How Jordanian Diaspora Came Together to Make a Difference


The Start

Fully formed Diaspora organizations do not just appear one day. As with many groups, they begin in a small way through social conversations among friends. The Jordan diaspora group, Connect.jo, started exactly that way – several high school friends, seeing each other at social gatherings in Amman, began talking. They talked about the fact that they were happy in the U.S., but that something was missing for them – a connection back to their homeland, Jordan. Fortunately, part of this group of successful businessmen, engineers and scientists, was the Chief of Party of the USAID Jordan Competitiveness Program (USAID JCP) – a former expat and technical university professor himself. The group felt like there was an opportunity to help Jordan in more important ways than just “bricks and mortar” (e.g. building a house back in Amman). The group really started to come together and make more specific plans during a USAID JCP arranged conference between professional Jordanian diaspora and HM King Abdullah in San Francisco. After productive meetings in San Francisco and many Skype calls, a smaller group of these expatriate business leaders came to Jordan to the Middle East and North Africa Information and Communication Technology Forum sponsored by USAID JCP. During the Forum, an actual diaspora group was launched – “Connect.jo – Professional Jordanians Abroad”

What Connect.jo will do

The newly formed network will support efforts in the Information Communications Technology, Clean Technology, and Healthcare and Life Sciences sectors. Connect.jo’s support will be in the form of: student scholarships/internships, subject matter expertise sharing, market access – Jordanians to the US, and the US to Jordan, and investment/donations. There will be a clear focus on entrepreneurship and “start-up” firms. USAID JCP will further assist Connect.jo in forming a fully functioning group and, more importantly, being the network’s “arms and legs” – making connections and executing tasks, on the ground in Jordan.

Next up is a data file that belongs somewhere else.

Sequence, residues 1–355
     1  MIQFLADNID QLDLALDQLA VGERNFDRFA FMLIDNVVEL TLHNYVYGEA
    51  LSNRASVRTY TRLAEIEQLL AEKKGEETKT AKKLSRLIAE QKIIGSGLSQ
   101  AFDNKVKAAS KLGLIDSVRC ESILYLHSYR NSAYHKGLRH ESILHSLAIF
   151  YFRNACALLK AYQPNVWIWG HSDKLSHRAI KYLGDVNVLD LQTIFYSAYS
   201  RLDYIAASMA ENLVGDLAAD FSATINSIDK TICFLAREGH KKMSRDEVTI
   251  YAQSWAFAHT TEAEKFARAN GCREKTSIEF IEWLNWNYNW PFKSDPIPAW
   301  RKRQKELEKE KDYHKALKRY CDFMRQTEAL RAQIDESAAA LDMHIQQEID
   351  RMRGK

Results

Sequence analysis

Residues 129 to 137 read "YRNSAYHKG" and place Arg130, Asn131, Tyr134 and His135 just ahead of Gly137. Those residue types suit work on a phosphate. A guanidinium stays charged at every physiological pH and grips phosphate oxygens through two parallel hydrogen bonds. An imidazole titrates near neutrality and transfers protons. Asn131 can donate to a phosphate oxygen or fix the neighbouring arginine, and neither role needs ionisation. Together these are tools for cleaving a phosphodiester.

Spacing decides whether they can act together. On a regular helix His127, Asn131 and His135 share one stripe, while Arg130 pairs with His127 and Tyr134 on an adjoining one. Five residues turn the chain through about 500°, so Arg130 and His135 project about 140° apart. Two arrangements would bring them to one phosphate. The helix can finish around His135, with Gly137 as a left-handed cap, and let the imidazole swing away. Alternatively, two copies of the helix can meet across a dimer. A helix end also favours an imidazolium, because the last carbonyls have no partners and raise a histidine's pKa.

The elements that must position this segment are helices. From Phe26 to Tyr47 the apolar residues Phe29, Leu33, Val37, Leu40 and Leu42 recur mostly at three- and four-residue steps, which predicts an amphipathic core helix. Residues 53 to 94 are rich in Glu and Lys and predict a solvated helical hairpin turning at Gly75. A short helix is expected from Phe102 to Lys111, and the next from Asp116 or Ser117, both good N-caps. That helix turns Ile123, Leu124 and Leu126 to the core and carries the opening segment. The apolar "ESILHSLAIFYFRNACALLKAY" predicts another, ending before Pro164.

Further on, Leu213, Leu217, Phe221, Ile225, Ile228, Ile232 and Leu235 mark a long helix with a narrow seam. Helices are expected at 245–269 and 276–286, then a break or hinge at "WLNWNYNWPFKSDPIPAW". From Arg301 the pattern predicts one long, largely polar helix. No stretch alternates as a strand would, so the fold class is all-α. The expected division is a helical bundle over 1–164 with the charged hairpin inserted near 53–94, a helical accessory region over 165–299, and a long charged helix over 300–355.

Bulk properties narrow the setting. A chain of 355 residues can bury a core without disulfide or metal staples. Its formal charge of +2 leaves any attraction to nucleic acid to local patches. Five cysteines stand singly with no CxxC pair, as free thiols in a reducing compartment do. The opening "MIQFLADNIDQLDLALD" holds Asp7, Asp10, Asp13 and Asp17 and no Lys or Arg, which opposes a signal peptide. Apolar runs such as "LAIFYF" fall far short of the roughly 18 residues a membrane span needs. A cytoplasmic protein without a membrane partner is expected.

A perfect example of how USAID JCP can partner with Connect.jo is the recent signing by All Cell, a US company co-lead by Connect.jo member Dr. Said Al-Hallaj, of a Letter of Commitment (LoC) to establish pilot solar powered electric car charging stations in Amman. In the LoC with the Ministry of Environment and the local government, All Cell committed themselves to establishing eleven charging stations in Amman. The Greater Amman Municipality agreed to partner in the project, and will be purchasing 50 electric vehicles as part of its support to this pilot and to green transportation plans. It is estimated that this initial work will bring in an additional $600,000 USD in investments and create over 200 new jobs for Jordanians over the next four years. USAID JCP helped All Cell make the connections it needed to get this initiative off the ground, and in the near future will be assisting All Cell in establishing a local company, developing the legal and regulatory environment to support this sector, and providing access to finance opportunities.

The Future

Connect.jo does not want to be just a “talk shop.” It wants to continue to make a real difference in the Jordanian economy, and its goals over the next six months are to review the insights from USAID JCP’s diaspora mapping/research efforts and to expand the number of pilot programs like the All Cell charging station that they engage in. The group is moving beyond its early “conversational” beginning, and establishing a more formal framework for the groups and creating a plan to engage new members. By the spring of 2015 there will be a full website and active LinkedIn page. The Jordan Diaspora Network website is currently under construction. For any further information, please send us an email to:info@connect.jo and check out our website: www.connect.jo